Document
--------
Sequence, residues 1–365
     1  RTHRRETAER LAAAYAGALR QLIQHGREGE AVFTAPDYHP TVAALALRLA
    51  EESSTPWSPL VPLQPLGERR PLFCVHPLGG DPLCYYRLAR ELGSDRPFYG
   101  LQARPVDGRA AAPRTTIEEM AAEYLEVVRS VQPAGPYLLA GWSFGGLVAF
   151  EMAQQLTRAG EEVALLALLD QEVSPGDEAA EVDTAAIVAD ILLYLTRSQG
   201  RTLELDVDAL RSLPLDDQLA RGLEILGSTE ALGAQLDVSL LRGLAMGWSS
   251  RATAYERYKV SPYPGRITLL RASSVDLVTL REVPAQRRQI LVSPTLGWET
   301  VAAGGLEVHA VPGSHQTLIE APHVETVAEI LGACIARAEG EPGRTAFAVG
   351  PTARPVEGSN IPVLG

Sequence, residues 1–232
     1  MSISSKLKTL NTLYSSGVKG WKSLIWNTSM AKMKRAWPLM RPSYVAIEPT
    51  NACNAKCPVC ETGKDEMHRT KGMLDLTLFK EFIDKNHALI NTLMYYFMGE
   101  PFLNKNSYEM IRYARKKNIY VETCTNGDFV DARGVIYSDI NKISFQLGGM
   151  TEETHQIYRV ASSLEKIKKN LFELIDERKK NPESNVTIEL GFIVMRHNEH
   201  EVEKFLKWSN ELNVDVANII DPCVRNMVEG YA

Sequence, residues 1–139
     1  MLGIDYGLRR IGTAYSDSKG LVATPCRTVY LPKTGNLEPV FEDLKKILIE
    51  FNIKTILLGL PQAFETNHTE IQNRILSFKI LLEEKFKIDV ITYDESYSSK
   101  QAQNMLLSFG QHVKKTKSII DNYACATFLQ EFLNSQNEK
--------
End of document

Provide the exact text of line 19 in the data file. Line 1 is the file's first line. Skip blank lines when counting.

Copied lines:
   101  QAQNMLLSFG QHVKKTKSII DNYACATFLQ EFLNSQNEK